Focus: Chancellors and their crises

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A chance remark to a journalist from the Star in November 1947 led to the resignation of Attlee's chancellor. Dalton inadvertently leaked elements of his fourth emergency budget, which included a penny on beer, on his way to the Commons. John Carvel, the journalist, managed to slip details of the budget into the early edition of the London evening paper, which appeared while the chancellor was still in the chamber. Relatively few copies hit the streets, but Dalton resigned the next day.


Credited with Britain's economic recovery after the Second World War. But his reputation was shattered in 1949 when he devalued the pound shortly after telling the Commons this would not happen. The crisis partly had its origins in 1947 with a fuel crisis, run on the pound and sterling becoming fully convertible under the terms of the loan agreement with America. The cabinet decided on devaluation in August 1949, but withheld the decision until September. Cripps resigned on 20 October and died six months later.


The future prime minister insisted he should leave the treasury in 1967 after he was forced to devalue the pound. Speculation against sterling (at the time of fixed exchange rates) had proved more protracted than envisaged by Callaghan, who the year before had been arguing against devaluation. Sterling went from $2.80 to $2.40 and Callaghan swapped jobs with the home secretary, Roy Jenkins. Although he "lost", Callaghan retained the view that earlier devaluation would have not have been wise.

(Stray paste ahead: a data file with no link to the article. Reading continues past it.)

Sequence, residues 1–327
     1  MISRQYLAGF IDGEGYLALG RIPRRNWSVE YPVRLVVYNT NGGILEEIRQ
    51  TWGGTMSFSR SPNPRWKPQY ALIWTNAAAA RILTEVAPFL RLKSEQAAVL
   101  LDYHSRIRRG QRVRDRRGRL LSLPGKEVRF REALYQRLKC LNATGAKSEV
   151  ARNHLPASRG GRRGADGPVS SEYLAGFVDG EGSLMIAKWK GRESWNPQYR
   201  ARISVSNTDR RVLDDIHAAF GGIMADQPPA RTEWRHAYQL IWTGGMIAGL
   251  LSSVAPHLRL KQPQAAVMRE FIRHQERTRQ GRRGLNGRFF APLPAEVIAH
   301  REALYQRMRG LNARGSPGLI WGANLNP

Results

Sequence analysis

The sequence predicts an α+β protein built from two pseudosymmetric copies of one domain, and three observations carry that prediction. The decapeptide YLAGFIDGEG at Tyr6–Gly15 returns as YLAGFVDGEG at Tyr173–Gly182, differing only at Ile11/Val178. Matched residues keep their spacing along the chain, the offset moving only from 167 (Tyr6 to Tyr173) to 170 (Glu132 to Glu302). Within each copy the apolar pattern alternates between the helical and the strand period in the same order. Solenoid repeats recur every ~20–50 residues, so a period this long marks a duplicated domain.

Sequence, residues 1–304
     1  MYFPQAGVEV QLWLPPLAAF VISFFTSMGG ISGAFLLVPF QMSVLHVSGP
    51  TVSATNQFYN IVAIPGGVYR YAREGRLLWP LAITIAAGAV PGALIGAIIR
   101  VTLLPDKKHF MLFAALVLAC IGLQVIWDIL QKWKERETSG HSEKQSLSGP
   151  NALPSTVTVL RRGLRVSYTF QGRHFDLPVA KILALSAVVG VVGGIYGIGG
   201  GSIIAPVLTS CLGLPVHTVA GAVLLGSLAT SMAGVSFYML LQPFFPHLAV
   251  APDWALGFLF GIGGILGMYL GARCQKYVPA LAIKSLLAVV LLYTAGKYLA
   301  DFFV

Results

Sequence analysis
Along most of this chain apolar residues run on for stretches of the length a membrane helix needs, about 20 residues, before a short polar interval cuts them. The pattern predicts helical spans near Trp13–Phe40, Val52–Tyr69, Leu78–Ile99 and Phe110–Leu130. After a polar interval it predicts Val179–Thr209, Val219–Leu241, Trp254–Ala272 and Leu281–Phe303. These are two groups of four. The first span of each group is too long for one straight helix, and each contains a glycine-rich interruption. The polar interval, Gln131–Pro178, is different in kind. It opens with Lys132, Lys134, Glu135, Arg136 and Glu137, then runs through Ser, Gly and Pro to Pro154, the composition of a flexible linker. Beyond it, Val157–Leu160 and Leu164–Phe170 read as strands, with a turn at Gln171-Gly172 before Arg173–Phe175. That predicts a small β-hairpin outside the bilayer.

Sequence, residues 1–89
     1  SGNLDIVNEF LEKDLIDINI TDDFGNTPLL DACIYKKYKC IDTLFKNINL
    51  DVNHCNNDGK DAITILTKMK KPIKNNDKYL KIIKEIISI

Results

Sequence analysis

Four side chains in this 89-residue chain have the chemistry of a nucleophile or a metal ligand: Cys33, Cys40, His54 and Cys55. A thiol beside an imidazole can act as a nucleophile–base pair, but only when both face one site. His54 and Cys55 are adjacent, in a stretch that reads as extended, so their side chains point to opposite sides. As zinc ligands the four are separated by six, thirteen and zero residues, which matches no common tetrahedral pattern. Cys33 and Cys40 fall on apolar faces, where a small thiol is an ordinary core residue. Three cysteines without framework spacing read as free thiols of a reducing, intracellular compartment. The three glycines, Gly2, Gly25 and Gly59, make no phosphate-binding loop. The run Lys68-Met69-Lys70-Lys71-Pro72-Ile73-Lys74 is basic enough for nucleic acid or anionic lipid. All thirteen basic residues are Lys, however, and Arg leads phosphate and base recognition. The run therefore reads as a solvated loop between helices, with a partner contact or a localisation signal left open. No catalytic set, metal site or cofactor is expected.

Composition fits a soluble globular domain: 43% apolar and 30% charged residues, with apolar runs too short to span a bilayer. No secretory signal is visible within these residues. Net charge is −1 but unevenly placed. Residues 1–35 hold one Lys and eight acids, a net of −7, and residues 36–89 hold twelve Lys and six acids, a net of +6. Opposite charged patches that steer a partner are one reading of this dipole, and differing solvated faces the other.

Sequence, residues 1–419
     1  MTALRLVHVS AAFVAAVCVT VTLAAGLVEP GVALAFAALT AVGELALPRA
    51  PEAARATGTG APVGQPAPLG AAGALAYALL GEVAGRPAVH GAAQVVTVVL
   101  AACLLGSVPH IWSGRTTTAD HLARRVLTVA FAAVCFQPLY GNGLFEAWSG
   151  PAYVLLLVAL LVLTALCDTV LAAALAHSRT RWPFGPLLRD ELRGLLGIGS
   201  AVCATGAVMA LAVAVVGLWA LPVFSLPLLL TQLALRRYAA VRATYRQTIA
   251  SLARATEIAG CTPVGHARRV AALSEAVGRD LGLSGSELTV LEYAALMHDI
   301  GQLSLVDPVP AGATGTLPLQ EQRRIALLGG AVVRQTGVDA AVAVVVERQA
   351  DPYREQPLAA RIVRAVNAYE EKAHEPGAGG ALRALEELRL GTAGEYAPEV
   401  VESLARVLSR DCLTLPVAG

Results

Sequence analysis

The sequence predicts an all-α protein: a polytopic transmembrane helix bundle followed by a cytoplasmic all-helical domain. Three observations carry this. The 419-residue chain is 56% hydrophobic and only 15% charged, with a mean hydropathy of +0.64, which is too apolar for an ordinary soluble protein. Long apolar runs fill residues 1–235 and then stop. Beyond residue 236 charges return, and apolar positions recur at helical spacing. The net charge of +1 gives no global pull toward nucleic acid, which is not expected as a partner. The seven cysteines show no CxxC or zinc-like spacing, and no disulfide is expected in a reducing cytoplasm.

Harold Wilson's chancellor was preoccupied with negotiating with the International Monetary Fund over loans. The 1976 sterling crisis led to Britain borrowing pounds 2,300m from the IMF. The pound fell from $2.02 to $1.64, and Healey advocated a pounds 3bn reduction in public sector borrowing to meet IMF conditions. The crisis led to a "monetarist" strategy, tight restrictions on public spending and pay policy, and, ultimately, the 1978-79 winter of discontent and Labour's 1979 election defeat.


On 26 October 1989 Nigel Lawson resigned as Margaret Thatcher's chancellor over the role played by Sir Alan Walters as her personal economic adviser and political confidant. She was under the hair-dryer when she received the message that Lawson wanted to see her. In her memoirs, Baroness Thatcher said Lawson told her that either he or Sir Alan would have to go. But she refused to sack Sir Alan, saying, "If Alan were to go, that would destroy my authority." Lawson resigned later that day.


Black Wednesday - 17 September 1992 - saw the UK devalue the pound and pull out of the exchange rate mechanism after a vain attempt to halt the slide of the pound against the German mark. The Bank of England raised interest rates from 10 per cent to 12 per cent and then to 15 per cent. At least $8bn of Britain's currency reserves (more than twice the cost the Gulf war) was spent in the process. Lamont stayed on, fatally wounded, until the following spring.

Compiled by Marie Woolf